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The Intellectual Property Debate

Perspectives from Law, Economics and Political Economy

Edited by Meir Perez Pugatch

Intellectual property (IP) has become one of the most influential and controversial issues in today’s knowledge-based society. This challenging book exposes the reader to key issues at the heart of the public debate now taking place in the field of IP. It considers IP at the macro level where it affects many issues. These include: international trade policy, ownership of breakthrough technologies, foreign direct investment, innovation climates, public–private partnerships, competition rules and public health where it is strongly embedded in contemporary business decision making.
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Chapter 16: The Treatment of Geographical Indications in Recent Regional and Bilateral Free Trade Agreements

David Vivas Eugui and Christoph Spennemann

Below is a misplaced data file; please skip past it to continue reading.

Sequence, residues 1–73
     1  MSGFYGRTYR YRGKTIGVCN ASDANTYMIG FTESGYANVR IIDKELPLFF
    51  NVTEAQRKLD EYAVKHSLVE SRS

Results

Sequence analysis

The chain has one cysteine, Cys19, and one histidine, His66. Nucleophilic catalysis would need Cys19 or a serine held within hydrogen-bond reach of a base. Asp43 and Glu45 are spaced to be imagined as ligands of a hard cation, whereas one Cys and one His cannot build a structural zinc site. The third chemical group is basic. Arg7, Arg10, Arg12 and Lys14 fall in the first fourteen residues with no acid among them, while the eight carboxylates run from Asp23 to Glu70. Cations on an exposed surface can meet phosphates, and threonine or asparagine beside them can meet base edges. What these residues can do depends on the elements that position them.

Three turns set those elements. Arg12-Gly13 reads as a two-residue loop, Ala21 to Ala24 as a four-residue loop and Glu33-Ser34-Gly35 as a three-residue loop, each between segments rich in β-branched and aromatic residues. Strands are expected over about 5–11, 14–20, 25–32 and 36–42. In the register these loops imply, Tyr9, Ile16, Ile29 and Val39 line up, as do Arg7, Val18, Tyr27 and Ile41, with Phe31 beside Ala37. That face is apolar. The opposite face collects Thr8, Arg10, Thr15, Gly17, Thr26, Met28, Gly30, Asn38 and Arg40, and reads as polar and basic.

David Vivas Eugui and Christoph Spennemann I. INTRODUCTION The Agreement on Trade-Related Aspects of Intellectual Property Rights (TRIPS) represents an important step toward the universal recognition of geographical indications (GIs) protection. While previous agreements concluded under the auspices of the World Intellectual Property Organization (WIPO) including the Madrid1 and the Lisbon2 agreements have already regulated related legal figures such as indications of source and appellations of origin, the TRIPS agreement is today the standard subscribed to by all Members of the World Trade Organization (WTO) and therefore the one with widest international recognition. The TRIPS agreement contains some minimum standards for the protection of geographical indications, including definition, scope, legal means, exceptions and international negotiations. It is also important to mention that the TRIPS agreement is subject, as any other WTO agreement, to the dispute settlement understanding of the WTO, making its standards ‘enforceable’ among Members. GIs have been under the spotlight of international trade discussions since the adoption of the TRIPS agreement. These discussions have proved to be very controversial in the WTO as well as in other forums. Interestingly, unlike other cases such as discussion on public health there is not a North–South divide but different groups of countries – inclusive of developed and developing countries alike – holding different positions on several critical issues.3 This situation is the reflection of different cultural settings, legal traditions, economic value attached to GIs and trademarks, implications of GIs for the protection of the local economy and...

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